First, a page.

July 17, 2015
Business services use behaviour data obtained from other sites to profile internet users. The consumer web sites have direct access to user generated data which they often use to further their own goals.
Online services provided by consumer sites do not require people to install software on their computers because both the application and the user’s data are stored on the site servers. This has the obvious and tempting benefit of delegating the burden of backup and administration to the provider. It also enables the user to work from any Internet connected computer. The problem is that the provider now has unfettered access and complete control over the user’s data.
Having control over the data means the user is at the provider’s mercy when he wants to modify his data in a way which does not suite the company. Two examples are when the user wants to move to a competitor or when he just wants his data permanently removed from the Internet.
Having unencumbered access to user data allows the provider company to use the data for its own benefit. In benign cases it is used to improve the user’s experience of their service, however companies are driven by profit not clients’ best interests. The open access to user data also makes these companies easy targets for authorities and criminals, which almost by definition don’t have the data creators’ best interest at heart.
The rebuttal most Internet companies present for the issue of open data access is that they do encrypt all data using unbreakable military grade encryption before storing it. This argument is a red herring. While many probably do encrypt the data as they say, it is only encrypted while not actively used. The company still needs to decrypt the data for their service to operate. And then we are back to where they have unencumbered access to all their clients’ data. This type of encryption does provide the slight advantage of adding an extra layer of complexity to those who wish to obtain the data without the cooperation of the company.
Consumer sites have direct access to their users’ ideas, intentions and associations. They use this knowledge to interfere in people’s lives. Some find it convenient to have their photographs connected to all their online accounts without having submitted the photo anywhere themselves. Those who admit that they value their privacy usually feel that the amount of freedom and autonomy sacrificed for small conveniences is unjustifiable. Future convenience is not guaranteed but getting the relinquished freedom back definitely gets more difficult with each piece of data handed over to a company.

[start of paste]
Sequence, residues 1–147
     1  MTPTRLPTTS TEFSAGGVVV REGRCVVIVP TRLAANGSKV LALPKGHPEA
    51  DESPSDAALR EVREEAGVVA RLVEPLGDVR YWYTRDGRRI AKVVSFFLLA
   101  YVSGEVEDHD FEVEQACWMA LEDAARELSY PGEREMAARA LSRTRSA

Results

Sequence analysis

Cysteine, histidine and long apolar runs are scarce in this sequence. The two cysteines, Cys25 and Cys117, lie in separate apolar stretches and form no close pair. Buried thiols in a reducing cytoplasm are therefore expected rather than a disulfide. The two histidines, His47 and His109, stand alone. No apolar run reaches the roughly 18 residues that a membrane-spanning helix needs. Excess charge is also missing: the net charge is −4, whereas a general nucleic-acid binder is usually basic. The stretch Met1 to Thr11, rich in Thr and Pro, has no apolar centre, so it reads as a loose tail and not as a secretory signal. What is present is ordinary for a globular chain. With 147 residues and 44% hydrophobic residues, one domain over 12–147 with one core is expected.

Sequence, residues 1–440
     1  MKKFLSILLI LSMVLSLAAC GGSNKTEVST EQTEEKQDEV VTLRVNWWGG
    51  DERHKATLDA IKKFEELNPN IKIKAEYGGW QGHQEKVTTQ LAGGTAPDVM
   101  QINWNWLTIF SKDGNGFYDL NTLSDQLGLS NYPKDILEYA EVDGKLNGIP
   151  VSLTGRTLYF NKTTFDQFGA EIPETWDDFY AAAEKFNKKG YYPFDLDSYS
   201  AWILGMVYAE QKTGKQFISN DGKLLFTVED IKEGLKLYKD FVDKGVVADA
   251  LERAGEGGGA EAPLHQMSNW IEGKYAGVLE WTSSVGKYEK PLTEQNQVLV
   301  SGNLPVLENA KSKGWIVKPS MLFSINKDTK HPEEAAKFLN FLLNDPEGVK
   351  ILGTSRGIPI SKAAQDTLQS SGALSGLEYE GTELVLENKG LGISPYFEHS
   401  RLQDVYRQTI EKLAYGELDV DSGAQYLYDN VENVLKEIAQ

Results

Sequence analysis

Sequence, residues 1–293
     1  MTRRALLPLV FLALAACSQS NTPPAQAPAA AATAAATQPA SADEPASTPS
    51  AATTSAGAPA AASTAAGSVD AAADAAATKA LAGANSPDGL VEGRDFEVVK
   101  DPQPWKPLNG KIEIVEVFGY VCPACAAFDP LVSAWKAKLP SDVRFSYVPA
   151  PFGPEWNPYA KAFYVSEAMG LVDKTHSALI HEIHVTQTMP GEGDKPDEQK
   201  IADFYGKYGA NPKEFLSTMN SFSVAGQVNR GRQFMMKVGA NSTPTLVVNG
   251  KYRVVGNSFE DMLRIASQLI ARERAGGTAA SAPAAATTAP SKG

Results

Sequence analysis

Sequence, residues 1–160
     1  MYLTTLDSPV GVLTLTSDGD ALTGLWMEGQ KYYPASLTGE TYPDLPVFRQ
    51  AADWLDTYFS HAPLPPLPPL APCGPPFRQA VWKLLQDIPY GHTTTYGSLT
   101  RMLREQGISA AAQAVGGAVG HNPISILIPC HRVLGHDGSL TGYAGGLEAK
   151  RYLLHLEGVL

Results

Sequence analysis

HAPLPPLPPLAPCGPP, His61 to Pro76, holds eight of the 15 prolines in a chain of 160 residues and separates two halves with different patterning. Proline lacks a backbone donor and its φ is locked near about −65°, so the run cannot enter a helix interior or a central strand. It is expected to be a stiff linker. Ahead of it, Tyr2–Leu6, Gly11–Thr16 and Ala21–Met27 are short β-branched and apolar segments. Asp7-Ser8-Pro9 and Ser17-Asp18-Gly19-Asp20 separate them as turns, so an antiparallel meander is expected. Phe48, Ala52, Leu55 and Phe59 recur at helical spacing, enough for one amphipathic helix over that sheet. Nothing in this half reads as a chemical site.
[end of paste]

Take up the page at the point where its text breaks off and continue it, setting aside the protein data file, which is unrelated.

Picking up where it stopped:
Business services use statistical analysis to make behavioral predictions based on the user profiles they created or bought. This may lead to unwarranted attention to a person’s life by interfering entities.
Claiming back some freedom requires conscious, but not difficult, action. The principles are client-side encryption, distributed data and anonymity. Anonymity will frustrate the data gathering processes of the business services which will result in less accurate user profiles. Distribution will reduce the level of insight into and control over your data any single company has. Proper client-side encryption will completely prevent accessing your data both by the service provider and any other undesirable entities.
Tools which provide some level of anonymity are ad blockers, tracker blockers and anonymizers. PRISM-break.org is a good place to start looking. Single sign on (SSO), i.e. the process of logging into a site using for example your Twitter account, is a very bad idea if you are looking for anonymity. SSO immediately provides both Twitter and the other site with a lot of information they would have had difficulty to discover otherwise.
Distributing your online data is easier, if slightly more inconvenient. The principle is: One site, one service. If you use web mail, search, document collaboration and file sharing services, use a different company for each. Each company will control only some of your data, instead of a single company controlling all your data.
Client-side encryption is the concept of encrypting your data on your own computer in such a way that it it impossible for the service company to decrypt the data by themselves. The only way to achieve that is by ensuring that the encryption secret (i.e. the password or key) never reaches the company. User friendly services providing client-side encryption are rare but that should change in the near future.
So now you have a ton of sites you use because you distribute your data and each has its own user name/password because you don’t use SSO. How do you remember all login details? Write them on a piece of paper and keep it in your wallet. Really.
Strongroom Secure Photo Backup is an online backup service for your photographs featuring client-side encryption. Your privacy is the most important consideration in every design decision. Every file is encrypted on your machine using your personal encryption key before going onto the Internet. Even the file names are replaced with meaningless text.
Strongroom Secure Photo Backup is built on Selective Share host-proof technology.